Even losing half an hour’s sleep every night can impact on mood and school performance. Children that struggle with their sleep and cannot be helped by simple changes to the routine should look at getting help from a sleep expert to establish if there is any underlying cause of their wakefulness. Good ways to help kids wind down is a nice long warm bath with some relaxing Epsom salts. Turning off all screens 90 minutes before bedtime can also help.

It would be wonderful if better nutrition and sleep patterns could be looked at when assessing a child who is struggling with their mental health. If we can get this right, then it may mean less need for medication and other services. It could make a difference to them as they are growing up and may well help to prevent the problems digging in deeper when they are adults. Young minds matter!!

Lucinda Miller

Lucinda is a Naturopath, Iridologist, Herbalist & Functional Medicine Practitioner. She runs NatureDoc, a UK-wide team of Nutritional Therapists and Naturopaths specialising in women’s and child health, as well as an online shop with a hand-picked collection of specialist food supplements, health foods and organic skincare.

Lucinda has also just written a new healthy family cook book, The Good Stuff. It sounds obvious that we should give our children a healthy diet, but why is this so important? With so many conflicting messages in the press, parents are left confused with what to feed their kids. So, with over 20 years of clinical experience and almost as many as a mum of three, Lucinda helps to set the record straight, sharing over 100 easy and delicious recipes as well as her top tips to keep your family healthy, happy and well.

Lucinda’s recipes are based on classic nursery cooking with a modern healthy twist – often with additional fruits, vegetables, nuts, seeds, beans, healthy oils and wholegrains – all using ingredients you can easily add to your normal supermarket shop. Every recipe focuses on nourishment and yumminess, and are so easy to make that even your kids can join in too. Lucinda has included lots of easy and healthy lunch box and snack ideas, as this is where parents tend to struggle the most. Where possible, the recipes have clever swaps to enable you to make them free of the most common food allergens, because so many kids have allergies and food intolerances these days.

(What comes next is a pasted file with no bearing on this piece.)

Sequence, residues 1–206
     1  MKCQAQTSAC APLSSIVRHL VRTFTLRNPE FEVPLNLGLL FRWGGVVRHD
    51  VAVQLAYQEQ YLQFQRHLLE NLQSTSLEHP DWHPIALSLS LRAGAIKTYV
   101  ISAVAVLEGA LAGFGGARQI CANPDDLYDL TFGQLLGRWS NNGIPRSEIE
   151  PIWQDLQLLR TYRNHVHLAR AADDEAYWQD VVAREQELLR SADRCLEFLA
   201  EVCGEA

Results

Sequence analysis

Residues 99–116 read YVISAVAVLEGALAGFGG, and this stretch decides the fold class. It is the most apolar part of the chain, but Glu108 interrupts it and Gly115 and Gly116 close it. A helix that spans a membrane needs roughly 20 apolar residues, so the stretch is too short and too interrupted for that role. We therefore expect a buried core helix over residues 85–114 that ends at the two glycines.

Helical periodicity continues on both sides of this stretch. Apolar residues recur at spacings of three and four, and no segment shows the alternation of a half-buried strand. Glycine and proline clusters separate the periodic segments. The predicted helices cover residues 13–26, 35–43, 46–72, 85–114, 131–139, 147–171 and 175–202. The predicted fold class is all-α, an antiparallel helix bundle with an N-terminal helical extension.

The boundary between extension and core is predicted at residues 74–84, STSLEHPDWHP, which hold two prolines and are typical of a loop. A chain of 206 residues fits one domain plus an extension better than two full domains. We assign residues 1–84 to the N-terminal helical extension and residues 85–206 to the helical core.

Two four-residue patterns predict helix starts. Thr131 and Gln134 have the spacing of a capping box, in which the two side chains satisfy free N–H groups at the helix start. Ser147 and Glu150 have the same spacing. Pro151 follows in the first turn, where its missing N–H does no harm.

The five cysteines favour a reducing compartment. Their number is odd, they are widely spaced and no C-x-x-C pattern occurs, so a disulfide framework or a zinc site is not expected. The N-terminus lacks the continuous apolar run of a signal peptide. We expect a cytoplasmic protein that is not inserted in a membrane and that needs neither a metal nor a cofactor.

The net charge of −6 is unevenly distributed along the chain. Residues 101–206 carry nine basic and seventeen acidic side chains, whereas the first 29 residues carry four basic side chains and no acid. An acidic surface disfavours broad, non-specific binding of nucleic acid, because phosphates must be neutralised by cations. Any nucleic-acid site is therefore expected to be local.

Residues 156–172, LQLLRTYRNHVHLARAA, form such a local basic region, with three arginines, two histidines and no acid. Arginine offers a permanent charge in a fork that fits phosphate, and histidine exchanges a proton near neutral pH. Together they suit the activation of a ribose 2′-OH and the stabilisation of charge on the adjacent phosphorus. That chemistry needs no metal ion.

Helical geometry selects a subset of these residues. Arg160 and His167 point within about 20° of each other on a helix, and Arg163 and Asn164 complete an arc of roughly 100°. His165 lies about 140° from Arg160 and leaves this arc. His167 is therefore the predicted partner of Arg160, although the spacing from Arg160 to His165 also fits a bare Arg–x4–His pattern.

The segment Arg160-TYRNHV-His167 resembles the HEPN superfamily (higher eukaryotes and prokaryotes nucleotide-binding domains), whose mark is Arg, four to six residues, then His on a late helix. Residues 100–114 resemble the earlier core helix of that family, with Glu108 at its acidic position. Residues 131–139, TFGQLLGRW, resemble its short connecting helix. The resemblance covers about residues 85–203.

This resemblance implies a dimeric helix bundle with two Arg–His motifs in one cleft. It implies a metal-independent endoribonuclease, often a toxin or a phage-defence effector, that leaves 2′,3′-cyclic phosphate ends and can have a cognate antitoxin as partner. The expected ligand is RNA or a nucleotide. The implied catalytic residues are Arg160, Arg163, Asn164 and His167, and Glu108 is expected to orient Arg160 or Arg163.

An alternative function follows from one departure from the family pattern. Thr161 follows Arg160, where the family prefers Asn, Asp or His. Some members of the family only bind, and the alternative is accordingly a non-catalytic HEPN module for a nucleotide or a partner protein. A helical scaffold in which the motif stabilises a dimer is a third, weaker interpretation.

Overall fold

References for further reading:

Sugar intake from sweet food and beverages, common mental disorder and depression: prospective findings from the Whitehall II study

Emulsified omega-3 fatty-acids modulate the symptoms of depressive disorder in children and adolescents: a pilot study

Zinc, Magnesium, Selenium and Depression: A Review of the Evidence, Potential Mechanisms and Implications

Iron supplementation in infancy contributes to more adaptive behavior at 10 years of age.

Dietary folate, riboflavin, vitamin B-6, and vitamin B-12 and depressive symptoms in early adolescence: the Ryukyus Child Health Study.

Vitamin B12, folic acid, homocysteine and vitamin D levels in children and adolescents with obsessive compulsive disorder. 

Vitamin D and mental health in children and adolescents. 

Associations of child insomnia, sleep movement, and their persistence with mental health symptoms in childhood and adolescence.

Fruit bowls Photo by Melissa Belanger on Unsplash